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June 2016, Issue 31
FEATURED STORY
Mobile stand in Arusha, Tanzania. Photo: Karolle Rabarison.
Exploring User Experience and Perceived Benefits of Emerging Mobile Data Services
Recent years have seen growing debate around mobile data services such as zero-rating. Yet, data and analysis on how they impact access to and use of mobile broadband remain limited. In response to this gap, A4AI has undertaken research on emerging mobile data services in developing countries, with findings shared through a series of research briefs. 

The latest brief draws insight from a survey of 8,000 mobile Internet users across eight countries—Bangladesh, Colombia, Ghana, India, Kenya, Nigeria, Peru and the Philippines—and presents a first look at how they use zero-rating and other service models designed to provide more affordable access.

Key findings from the survey include: 
  • Zero-rating did not bring most mobile Internet users online for the first time. Nearly nine in 10 users surveyed report having used the Internet before accessing it through a zero-rated plan. Numbers of people coming online for the first time via zero-rating were slightly higher in India (15%) and Peru (22%). About 10% of users said they had used zero-rating at least once.
  • Public WiFi is the primary means of connection for one in five users. Most users surveyed (51%) use a full-cost data plan as their primary means of connecting to the Internet and public WiFi was the second most common method of connection (21%), particularly in countries like Peru (40%) and the Philippines (34%). Women are also more likely to use public WiFi.
  • Users typically combine data plans to suit their connectivity needs. In terms of users shifting from use of a zero-rated service to a paid service, 28% of all zero-rating users no longer use a zero-rating plan and are now paying customers (i.e., they now use a full-cost or service-specific plan). In addition, 35% of all zero-rating users continue to use the zero-rated service and a paid plan. 37% continue to use only “no cost” options — that is, their zero-rated service in combination with public WiFi.
  • The vast majority of users (82%) prefer access to the full Internet with time or data limitations, if restrictions are imposed.  Approximately half (48%) of all users said that the restriction they most preferred was a limitation on time (i.e., the free plan would be only be valid for a short time, with no restriction on the websites/apps that could be accessed), while a third of respondents said they would prefer access to all websites/apps, with a restriction on the amount of data that could be used.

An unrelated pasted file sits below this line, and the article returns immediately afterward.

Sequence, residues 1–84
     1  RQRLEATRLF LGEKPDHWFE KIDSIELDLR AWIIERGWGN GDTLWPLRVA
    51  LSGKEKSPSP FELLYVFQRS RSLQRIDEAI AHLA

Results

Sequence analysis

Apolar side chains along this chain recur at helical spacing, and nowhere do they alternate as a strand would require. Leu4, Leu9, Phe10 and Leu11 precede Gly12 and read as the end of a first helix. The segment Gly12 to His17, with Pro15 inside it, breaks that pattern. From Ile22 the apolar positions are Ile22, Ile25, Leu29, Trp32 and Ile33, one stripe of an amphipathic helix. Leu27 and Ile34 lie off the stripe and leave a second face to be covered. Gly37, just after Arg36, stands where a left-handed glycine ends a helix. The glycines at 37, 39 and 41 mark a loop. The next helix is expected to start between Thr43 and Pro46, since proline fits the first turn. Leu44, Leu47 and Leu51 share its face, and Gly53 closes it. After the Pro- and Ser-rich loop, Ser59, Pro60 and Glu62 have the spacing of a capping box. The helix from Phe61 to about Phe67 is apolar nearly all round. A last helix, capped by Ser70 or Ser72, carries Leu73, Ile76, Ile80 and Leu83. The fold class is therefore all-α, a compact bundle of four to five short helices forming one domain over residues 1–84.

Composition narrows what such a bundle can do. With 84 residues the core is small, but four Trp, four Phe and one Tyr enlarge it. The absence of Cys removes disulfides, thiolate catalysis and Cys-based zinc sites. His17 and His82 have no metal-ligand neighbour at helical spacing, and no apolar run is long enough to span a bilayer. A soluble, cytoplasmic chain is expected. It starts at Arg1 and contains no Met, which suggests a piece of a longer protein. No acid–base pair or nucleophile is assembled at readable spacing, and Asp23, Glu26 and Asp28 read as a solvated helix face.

Read Full Report
Share on social media: Digging into the data: Is zero-rating connecting the unconnected? http://bit.ly/mobiledataservices New report by @A4A_Internet. 
Also in this issue:
ResearchInternational Advocacy | Membership | Upcoming Events | Noteworthy
RESEARCH
New Case Study: Realising Affordable Internet in Bangladesh

Asian Development Bank, CC BY-NC-ND 2.0
A4AI is excited to share a new country case study—an in-depth look at affordable Internet in Bangladesh.

The case study explores the long history of telecoms regulation in the country, the state of Internet use, and the policy environment currently governing the sector. We also discuss the remaining barriers to access and highlight opportunities for more advanced policy frameworks to address those challenges.

→ Read the case study and do reach out with your questions and comments.
INTERNATIONAL ADVOCACY
JONCTION hosted a participatory workshop on May 4, 2016, to explore the challenges for FAST Internet and human rights in Senegal (CC BY 2.0). 
We Need F.A.S.T. Internet in Africa
As part of the FASTAfrica campaign, more than 30 civil society groups from 20 African countries participated in a week of action in May to demand F.A.S.T. Internet: